Picnic at Hanging RockDirector: Peter Weir
Peter Weir's haunting and evocative mystery is set in the Australia of 1900, a mystical place where the British have attempted to impose their Christian culture with such tweedy refinements as a girls' boarding school. After gauzily-photographed, nicely underplayed scenes of the girls' budding sexuality being restrained in Victorian corsets, the uptight headmistress… See more details below
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Peter Weir's haunting and evocative mystery is set in the Australia of 1900, a mystical place where the British have attempted to impose their Christian culture with such tweedy refinements as a girls' boarding school. After gauzily-photographed, nicely underplayed scenes of the girls' budding sexuality being restrained in Victorian corsets, the uptight headmistress (Rachel Roberts) takes them on a Valentine's Day picnic into the countryside, and several of the girls, led by the lovely Miranda (Anne Lambert) decide to explore a nearby volcanic rock formation. It's a desolate, primitive, vaguely menacing place, where one can almost feel the presence of ancient pagan spirits. Something -- and there is an unspoken but palpable emphasis on the inherent carnality of the place -- draws four of the girls to explore the rock. Three never return. No one ever finds out why. The repercussions for the school are tragic, and of course Roberts reacts with near-crazed anger, but what really happened? Weir gives enough clues to suggest any number of explanations, both physical and supernatural.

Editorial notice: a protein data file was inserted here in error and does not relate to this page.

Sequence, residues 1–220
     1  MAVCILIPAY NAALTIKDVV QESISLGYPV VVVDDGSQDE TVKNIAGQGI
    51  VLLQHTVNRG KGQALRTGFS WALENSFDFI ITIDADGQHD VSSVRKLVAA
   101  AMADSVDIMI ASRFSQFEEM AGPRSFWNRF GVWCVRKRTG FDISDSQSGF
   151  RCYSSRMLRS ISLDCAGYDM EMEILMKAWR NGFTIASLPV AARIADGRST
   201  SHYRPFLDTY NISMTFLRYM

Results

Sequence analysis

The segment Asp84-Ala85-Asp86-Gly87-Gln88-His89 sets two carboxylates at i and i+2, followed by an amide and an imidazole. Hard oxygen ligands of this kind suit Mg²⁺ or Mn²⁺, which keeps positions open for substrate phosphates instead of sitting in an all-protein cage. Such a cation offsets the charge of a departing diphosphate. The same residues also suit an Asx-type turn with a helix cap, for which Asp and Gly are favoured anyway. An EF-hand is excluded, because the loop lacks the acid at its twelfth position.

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Cast & Crew
|Rachel Roberts||Mrs. Appleyard|
|Dominic Guard||Michael Fitzhubert|
|Vivean Gray||Miss Greta McGraw|
|Helen Morse||Diane de Poitiers|
|Kirsty Child||Dora Lumley|
|Christine Schuler||Edith Horton|
|Wyn Roberts||Sgt. Bumpher|
|Frank Gunnell||Edward Whitehead|
|Margaret Nelson||Sara Wayboume|
|Kay Taylor||Mrs. Bumpher|
|Garry McDonald||Constable Jones|
|Martin Vaughan||Ben Hussey|
|Peter Collingwood||Colonel Fitzhubert|
|Olga Dickie||Mrs. Fitzhubert|
|John Jarratt||Albert Crundall|
|David Copping||Art Director|
|Judith Dorsman||Costumes/Costume Designer|
|Patricia Lovell||Executive Producer|
|John Seale||Camera Operator|
|Bruce Smeaton||Score Composer|
1. St. Valentine's Day, 1900
2. A Million Years
3. "An Ode to St. Valentine"
4. Botticelli Angel
5. The Right Time and Place
7. The Details
8. Back to the Rock
9. Staying Behind
10. "No One Else?"
11. From Bad to Worse
12. Other Arrangements
14. Irma's Farewell
1. Color Bars
David Thomson Introduction
Play the Movie
Disc #2 -- Picnic at Hanging Rock
Everything Begins and Ends
A Recollection... Hanging Rock 1900
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Most Helpful Customer Reviews